Also, this file would be a very easy way to enumerate all package IDs and versions on NuGet.org. This is already possible with the catalog but this would be a one-shot query to get everything. I think this is okay (maybe even good) but I figured I call it out.

Mentions

/cc @xavierdecoster, @emgarten

@scottbommarito

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commented Feb 7, 2017

I'd expect that most people would vastly prefer hitting the search service rather than having to parse an entire 16MB file. Also, I'm not sure how Azure storage tiers work but I would be slightly concerned that if too many people are downloading such a huge file so frequently (especially people who don't understand that we only update stats once a day) we may run into issues, just like with the gallery crawlers who are making very expensive OData queries.

Regarding enumerating package IDs and versions, does downloads.v1.json contain deleted packages?

I think if we want to do this properly, we should create a blob storage API like v3 that returns data for each package. For example, https://api.nuget.org/v3/stats/{Package Id}/{Version}.json would yield a JSON file with just the statistics for that package, and https://api.nuget.org/v3/stats/{Package Id}/index.json would have the statistics for all the versions.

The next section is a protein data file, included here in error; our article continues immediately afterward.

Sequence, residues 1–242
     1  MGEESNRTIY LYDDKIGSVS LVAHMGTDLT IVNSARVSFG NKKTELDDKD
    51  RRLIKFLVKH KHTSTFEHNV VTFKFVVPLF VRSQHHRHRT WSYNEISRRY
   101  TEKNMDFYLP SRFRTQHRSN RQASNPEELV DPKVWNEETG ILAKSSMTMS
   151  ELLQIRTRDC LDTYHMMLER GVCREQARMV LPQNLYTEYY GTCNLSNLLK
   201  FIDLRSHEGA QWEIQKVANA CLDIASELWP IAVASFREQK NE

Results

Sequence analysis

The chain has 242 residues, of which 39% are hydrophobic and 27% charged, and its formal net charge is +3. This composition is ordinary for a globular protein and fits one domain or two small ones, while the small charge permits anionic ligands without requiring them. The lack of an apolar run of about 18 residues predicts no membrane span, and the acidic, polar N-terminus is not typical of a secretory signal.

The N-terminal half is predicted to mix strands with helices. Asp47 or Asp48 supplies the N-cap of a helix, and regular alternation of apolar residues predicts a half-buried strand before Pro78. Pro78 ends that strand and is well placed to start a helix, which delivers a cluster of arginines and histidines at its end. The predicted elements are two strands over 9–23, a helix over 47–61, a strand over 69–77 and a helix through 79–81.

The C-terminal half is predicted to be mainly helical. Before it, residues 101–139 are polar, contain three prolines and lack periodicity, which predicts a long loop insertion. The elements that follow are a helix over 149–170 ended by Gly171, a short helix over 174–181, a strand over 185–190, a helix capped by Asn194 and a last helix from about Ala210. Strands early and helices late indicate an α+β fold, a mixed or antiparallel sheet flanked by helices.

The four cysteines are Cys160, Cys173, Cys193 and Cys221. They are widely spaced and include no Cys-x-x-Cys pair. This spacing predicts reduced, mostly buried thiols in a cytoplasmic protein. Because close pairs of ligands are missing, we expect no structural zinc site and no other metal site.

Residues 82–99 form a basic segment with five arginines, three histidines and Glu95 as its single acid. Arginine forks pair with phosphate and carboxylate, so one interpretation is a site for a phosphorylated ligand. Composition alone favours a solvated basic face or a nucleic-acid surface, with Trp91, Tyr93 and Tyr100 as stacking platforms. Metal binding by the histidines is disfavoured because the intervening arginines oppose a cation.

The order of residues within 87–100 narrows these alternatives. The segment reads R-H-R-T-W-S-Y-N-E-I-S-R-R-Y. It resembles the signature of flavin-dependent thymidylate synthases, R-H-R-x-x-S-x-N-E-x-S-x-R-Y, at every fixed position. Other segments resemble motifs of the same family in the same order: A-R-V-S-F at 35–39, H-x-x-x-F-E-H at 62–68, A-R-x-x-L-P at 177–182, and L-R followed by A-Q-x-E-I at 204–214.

On the other hand, as long as storage can handle a 16MB file being downloaded frequently by all of our users who need statistics, I don't really see any negative to making the file public, even if we introduce another API.

@joelverhagen

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commented Feb 7, 2017

@scottbommarito, great idea. I like your idea of a more structured approach as a full-fledged solution. With V3 index.json, we can naturally version these endpoints to provide different views or resolution in the future (e.g download count in last 6 weeks, rankings, etc).

However, I acknowledge the fact that getting the engineering time to make this full-fledged solution would be pretty tough. Especially considering this is a request made infrequently by few people. Making the downloads.v1.json available has its own benefits (fewer round trips, better for broad analysis of many packages) and has very low engineering cost.

In short, this solution is easy!